This system is based on submillimeter wave imaging using frequency modulated continuous wave (FMCW) radar technology. We can do imaging at 100 GHz and 300 GHz in both transmission and reflexion.
Description of the FMCW system.
The millimeter wave imaging setup is an all-electronic system able to measure signal in both transmission and reflection. The system has two frequency ranges, from 75 to 110 GHz and from 220 to 330 GHz. Four heads compose the system: two both emitting and receiving and two only receiving signals. The output power is about 2 mWat 100 GHz and 60 μW at 300 GHz. The dynamic range is 70 dB at 100 GHz and 60 dB at 300 GHz. The image is produced by moving the head in a line with a maximum distance of 800 mm. Thus, the sample is raster scanned and the main advantage is the very large scanned area about 600 × 800 mm. The measurement time of one pixel is 240 μs, and a whole scan with best resolution lasts about 25 min. Each head works as a profilometer using frequency-modulated continuous wave to obtain a profile. The spatial resolution is about 5 mm in typical materials at 100 GHz and 2 mm at 300 GHz.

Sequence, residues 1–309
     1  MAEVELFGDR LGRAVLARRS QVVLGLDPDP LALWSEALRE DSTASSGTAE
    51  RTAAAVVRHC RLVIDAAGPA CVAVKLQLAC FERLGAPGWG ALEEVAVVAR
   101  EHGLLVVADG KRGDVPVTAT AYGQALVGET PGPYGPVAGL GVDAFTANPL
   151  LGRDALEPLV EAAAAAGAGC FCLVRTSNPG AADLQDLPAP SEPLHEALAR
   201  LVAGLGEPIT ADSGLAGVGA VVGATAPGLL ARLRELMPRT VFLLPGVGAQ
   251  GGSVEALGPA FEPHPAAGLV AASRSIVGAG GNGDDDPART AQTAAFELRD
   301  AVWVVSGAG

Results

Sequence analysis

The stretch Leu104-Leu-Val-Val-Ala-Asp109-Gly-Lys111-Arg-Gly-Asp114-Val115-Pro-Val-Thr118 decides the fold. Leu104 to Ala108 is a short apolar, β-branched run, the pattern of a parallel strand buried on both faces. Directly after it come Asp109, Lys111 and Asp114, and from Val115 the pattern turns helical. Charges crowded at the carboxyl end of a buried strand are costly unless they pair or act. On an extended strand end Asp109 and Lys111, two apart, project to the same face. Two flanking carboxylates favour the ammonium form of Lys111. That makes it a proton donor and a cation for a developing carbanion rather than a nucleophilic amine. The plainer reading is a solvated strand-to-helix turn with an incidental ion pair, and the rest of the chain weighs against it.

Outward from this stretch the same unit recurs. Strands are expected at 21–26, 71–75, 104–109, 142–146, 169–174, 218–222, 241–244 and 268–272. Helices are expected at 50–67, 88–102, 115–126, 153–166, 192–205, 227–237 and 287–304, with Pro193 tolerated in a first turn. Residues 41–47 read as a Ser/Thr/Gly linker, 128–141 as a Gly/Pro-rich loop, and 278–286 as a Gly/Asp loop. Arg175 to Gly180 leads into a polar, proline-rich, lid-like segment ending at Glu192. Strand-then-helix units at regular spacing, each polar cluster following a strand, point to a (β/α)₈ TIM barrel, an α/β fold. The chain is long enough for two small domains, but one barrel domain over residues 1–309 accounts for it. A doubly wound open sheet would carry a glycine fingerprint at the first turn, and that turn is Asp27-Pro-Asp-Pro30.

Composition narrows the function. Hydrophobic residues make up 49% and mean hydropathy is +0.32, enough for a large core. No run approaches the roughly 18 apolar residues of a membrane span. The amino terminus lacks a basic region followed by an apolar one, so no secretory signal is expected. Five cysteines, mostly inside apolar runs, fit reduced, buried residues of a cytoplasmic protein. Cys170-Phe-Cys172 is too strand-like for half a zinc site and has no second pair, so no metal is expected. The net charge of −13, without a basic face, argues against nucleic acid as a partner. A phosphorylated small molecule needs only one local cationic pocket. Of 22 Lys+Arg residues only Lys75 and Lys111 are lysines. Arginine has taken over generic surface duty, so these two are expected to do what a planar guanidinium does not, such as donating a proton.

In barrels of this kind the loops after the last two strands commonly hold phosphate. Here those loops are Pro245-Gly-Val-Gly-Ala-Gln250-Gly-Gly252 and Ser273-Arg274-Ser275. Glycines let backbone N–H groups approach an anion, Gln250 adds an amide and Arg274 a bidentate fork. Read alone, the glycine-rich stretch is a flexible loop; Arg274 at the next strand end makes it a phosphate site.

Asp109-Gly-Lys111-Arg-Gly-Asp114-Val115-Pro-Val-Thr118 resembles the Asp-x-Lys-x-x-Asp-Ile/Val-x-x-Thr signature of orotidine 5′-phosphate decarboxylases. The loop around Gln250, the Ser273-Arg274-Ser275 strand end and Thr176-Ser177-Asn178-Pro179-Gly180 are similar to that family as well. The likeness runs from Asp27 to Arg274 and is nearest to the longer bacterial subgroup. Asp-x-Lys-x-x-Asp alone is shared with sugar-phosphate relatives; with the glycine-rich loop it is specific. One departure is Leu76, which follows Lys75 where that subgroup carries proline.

Applications of FMCW imaging
FMCW is useful for several applications like non destructive test of composite material, art painting, security, etc.
Non destructive test (NDT)
Composite materials like Glass Fiber Reinforced Polymer (GFRP) can be tested in order to detect and localize cracks, voids and several kind of defects.
This system can be used to see inside parcels or bags.
An oil painting was analysed using this system. You can see on figure 4(a) the visible photography of the oil painting. Then, figure 4(b) is the transmission image at 300 GHz. Then, figure 4(c) is the reflection image at 100 GHz and figure 4(d) is the reflection image at 300 GHz. We can detect invisible defects with this technology, like voids between the painting layer and the canvas.J-P Guillet, M. Roux, K. Wang, X. Ma, F. Fauquet, H. Balacey, B. Recur, F. Darracq and P. Mounaix (2017). Art Painting Diagnostic Before Restoration with Terahertz and Millimeter Waves. Journal of Infrared, Millimeter, and Terahertz Waves, 38(4), 369-379., DOI 10.1007/s10762-017-0358-1 Link to paper